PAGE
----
Enigma Variations (includes Nimrod)
Edward Elgar


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Elgar's charming 'Enigma' Variations is up two places taking it to its highest ever position

Each one of Elgar's 14th Enigma Variations is dedicated to 'friends pictured within'.

Nimrod, the most famous movement, was written for Elgar's close friend and mentor, the publisher August Jaeger. On closer inspection then, Nimrod reveals itself to be a typical Elgarian pun as both Jaegar and Nimrod are connected to the word 'hunter'. Jaeger is 'hunter' in German and the word 'nimrod' derives from the word 'hunter', as in, 'Nimrod the mighty hunter' from the book of Genesis.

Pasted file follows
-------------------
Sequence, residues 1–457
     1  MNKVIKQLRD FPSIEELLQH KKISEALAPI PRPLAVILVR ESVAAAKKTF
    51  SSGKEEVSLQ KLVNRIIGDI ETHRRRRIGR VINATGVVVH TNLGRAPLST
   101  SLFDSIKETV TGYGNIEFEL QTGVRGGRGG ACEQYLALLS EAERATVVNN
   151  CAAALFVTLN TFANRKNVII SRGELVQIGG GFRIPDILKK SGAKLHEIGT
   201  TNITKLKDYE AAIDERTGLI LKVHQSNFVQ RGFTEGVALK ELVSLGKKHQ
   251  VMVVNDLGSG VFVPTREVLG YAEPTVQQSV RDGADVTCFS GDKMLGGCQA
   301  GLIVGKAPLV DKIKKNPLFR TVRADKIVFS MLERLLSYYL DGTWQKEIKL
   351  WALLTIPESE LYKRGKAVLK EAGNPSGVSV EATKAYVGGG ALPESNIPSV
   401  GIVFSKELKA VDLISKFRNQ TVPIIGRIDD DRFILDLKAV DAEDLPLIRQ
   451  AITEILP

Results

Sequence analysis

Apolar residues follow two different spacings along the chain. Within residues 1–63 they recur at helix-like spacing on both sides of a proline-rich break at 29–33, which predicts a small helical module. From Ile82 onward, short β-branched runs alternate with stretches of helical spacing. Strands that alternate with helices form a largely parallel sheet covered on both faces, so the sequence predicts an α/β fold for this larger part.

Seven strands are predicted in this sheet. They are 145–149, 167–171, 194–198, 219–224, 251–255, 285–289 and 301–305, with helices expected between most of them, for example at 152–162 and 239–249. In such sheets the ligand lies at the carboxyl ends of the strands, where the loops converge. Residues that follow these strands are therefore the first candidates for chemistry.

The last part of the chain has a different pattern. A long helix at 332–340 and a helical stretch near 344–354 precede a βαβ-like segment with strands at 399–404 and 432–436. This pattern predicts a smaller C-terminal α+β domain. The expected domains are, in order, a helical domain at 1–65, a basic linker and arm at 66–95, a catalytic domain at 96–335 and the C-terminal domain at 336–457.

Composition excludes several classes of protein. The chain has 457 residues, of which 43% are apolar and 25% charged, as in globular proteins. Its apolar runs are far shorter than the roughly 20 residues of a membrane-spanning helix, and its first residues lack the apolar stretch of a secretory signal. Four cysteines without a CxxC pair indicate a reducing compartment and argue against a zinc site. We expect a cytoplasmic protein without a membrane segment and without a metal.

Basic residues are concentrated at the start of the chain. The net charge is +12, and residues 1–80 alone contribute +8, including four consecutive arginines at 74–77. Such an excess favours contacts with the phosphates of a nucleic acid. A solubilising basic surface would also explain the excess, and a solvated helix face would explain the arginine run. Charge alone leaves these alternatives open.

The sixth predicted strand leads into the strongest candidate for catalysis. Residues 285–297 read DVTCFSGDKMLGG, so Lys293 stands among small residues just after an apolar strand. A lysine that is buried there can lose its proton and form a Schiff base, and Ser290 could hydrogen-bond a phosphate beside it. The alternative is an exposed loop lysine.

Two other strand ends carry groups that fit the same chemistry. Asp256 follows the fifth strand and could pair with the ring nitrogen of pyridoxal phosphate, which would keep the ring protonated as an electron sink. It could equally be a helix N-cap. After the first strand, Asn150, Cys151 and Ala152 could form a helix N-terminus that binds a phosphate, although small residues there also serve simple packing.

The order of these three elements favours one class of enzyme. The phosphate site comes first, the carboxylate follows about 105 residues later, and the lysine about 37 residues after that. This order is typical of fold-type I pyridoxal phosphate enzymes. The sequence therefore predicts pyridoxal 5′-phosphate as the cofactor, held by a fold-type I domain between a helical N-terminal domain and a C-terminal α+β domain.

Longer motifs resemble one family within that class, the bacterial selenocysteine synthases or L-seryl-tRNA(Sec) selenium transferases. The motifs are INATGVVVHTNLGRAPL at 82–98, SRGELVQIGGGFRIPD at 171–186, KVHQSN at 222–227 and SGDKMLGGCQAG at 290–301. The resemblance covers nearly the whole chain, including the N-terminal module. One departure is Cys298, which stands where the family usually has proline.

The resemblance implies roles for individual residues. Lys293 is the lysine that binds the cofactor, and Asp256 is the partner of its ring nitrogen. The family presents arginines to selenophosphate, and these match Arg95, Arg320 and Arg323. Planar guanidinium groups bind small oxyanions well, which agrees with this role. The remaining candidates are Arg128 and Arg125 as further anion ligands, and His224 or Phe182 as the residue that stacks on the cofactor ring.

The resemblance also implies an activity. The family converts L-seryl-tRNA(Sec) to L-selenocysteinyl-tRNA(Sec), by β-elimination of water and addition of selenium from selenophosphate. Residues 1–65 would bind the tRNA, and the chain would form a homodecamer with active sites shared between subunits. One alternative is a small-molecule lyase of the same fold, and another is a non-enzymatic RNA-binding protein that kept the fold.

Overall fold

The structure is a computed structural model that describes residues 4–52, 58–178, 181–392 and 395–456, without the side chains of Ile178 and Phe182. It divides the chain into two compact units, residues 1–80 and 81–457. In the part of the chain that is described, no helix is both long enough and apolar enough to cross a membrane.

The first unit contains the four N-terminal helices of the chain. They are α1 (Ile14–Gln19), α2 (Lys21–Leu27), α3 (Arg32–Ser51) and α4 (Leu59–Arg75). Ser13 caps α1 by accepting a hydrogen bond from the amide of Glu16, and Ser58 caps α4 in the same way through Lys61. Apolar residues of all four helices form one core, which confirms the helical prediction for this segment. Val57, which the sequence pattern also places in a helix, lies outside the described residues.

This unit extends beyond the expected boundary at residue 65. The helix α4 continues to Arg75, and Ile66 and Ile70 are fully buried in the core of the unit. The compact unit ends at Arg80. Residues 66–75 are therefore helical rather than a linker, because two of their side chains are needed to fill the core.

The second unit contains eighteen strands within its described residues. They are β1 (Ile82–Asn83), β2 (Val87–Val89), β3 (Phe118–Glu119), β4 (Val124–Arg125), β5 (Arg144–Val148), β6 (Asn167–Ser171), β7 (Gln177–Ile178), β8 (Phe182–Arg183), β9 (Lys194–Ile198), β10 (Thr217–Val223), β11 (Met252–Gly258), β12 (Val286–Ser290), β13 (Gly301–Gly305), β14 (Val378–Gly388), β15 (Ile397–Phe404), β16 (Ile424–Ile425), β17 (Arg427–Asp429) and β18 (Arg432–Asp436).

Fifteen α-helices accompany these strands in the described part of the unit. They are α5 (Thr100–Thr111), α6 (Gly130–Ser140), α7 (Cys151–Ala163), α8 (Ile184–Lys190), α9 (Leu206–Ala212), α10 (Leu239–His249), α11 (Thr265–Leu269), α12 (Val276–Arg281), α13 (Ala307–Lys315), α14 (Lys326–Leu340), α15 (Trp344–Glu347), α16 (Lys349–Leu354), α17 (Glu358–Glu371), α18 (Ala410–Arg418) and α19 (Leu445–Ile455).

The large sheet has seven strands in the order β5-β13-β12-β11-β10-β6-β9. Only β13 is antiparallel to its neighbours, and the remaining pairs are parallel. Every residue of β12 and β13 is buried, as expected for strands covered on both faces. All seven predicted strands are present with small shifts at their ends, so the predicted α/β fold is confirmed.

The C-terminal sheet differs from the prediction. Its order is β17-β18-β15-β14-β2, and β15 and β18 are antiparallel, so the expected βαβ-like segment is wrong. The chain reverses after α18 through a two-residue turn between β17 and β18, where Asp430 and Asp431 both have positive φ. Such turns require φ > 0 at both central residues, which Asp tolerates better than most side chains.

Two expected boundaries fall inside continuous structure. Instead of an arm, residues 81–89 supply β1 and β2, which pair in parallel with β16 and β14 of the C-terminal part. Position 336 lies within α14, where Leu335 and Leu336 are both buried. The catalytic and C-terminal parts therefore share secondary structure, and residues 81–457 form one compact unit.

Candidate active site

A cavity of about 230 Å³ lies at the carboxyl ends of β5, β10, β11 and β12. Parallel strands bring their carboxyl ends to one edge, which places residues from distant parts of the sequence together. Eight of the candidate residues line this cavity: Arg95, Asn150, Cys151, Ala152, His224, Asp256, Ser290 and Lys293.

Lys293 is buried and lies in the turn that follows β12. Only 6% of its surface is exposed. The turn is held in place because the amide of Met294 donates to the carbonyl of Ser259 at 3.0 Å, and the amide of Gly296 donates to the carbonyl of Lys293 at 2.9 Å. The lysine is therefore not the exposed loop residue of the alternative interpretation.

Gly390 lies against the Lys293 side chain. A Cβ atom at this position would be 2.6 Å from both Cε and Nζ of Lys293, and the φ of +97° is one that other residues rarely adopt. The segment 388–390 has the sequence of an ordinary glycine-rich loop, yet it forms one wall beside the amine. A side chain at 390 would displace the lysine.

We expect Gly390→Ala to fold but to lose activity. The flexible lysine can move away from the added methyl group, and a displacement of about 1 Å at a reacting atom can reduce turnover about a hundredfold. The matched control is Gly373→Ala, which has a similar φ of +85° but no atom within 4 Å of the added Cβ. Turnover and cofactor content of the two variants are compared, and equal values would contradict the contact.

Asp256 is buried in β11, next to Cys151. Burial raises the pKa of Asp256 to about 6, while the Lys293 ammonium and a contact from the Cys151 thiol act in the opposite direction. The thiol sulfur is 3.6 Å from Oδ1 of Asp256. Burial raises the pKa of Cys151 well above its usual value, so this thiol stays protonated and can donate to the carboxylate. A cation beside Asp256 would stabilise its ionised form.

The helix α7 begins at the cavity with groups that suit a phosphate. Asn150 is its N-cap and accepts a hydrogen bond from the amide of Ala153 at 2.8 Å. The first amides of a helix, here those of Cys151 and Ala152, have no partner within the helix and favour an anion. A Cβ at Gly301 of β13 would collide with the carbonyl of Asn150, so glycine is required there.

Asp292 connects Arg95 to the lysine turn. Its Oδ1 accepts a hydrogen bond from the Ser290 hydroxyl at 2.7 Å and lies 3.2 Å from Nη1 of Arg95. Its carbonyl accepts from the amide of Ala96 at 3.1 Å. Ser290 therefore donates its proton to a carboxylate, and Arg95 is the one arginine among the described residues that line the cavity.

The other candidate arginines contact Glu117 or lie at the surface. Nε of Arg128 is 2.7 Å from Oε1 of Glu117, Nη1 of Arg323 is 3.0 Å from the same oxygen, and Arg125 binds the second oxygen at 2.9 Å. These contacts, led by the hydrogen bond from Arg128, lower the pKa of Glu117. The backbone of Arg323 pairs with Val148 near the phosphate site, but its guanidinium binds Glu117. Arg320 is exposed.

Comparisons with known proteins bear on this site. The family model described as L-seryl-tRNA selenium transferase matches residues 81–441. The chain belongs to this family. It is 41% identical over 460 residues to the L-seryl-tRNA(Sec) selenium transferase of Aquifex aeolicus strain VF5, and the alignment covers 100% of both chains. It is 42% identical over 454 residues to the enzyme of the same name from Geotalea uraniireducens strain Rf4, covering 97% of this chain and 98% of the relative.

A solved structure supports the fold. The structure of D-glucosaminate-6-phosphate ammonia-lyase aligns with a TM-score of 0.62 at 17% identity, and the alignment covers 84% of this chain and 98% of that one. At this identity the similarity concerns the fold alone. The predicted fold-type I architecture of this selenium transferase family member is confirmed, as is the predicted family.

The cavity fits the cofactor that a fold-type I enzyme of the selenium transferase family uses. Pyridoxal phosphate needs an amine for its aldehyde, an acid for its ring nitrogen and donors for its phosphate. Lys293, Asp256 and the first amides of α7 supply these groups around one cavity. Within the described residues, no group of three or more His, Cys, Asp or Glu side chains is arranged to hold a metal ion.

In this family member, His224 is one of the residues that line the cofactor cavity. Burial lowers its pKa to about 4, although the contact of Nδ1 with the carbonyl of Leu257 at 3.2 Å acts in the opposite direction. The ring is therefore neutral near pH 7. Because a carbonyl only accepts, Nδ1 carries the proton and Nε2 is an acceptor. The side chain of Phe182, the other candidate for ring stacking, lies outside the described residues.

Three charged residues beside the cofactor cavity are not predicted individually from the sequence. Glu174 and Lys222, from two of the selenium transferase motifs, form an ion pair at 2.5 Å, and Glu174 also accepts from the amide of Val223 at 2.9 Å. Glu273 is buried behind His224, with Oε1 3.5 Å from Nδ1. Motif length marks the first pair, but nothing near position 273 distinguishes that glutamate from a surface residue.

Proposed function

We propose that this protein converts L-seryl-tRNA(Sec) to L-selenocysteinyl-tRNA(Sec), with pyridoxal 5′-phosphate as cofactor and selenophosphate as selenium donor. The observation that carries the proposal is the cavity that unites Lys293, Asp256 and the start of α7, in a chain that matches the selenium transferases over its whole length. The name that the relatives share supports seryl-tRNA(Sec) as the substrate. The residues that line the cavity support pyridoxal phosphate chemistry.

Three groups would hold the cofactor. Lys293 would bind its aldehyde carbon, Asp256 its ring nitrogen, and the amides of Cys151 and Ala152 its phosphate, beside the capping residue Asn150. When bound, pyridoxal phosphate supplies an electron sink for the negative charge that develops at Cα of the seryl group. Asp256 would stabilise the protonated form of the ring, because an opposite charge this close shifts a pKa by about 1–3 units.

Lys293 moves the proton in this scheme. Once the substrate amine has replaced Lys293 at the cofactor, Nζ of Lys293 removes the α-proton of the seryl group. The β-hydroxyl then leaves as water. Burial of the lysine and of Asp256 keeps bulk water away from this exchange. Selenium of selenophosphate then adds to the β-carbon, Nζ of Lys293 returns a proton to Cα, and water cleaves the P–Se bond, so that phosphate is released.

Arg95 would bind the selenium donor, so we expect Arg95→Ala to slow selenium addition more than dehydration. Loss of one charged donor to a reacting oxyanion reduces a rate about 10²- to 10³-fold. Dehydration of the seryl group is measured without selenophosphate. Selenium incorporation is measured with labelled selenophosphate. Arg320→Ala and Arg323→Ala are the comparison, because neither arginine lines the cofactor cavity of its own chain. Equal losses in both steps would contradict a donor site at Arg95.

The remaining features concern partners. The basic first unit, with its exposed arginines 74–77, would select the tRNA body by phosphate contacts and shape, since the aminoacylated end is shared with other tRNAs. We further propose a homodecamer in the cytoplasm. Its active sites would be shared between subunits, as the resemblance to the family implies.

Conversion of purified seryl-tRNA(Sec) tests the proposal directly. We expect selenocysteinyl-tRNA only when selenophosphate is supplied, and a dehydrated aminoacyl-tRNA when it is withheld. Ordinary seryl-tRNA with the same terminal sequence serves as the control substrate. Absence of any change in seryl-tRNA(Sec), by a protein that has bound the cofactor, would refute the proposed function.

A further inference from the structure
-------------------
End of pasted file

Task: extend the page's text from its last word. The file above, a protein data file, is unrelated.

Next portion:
Yet despite the mighty imagery Nimrod conjures up, this is not a jovial piece. Its sweeping elegiac lines have made it a recurring choice at funerals and other solemn occasions including at the Cenotaph in London on Remembrance Sunday.

Elgar said of Nimrod that the variation is not really a portrait, but 'the story of something that happened', and he suggested that the quiet opening of the piece is a nod to Beethoven's Piano Sonata No. 8.

Autumn Landscape by Margaret Loxton.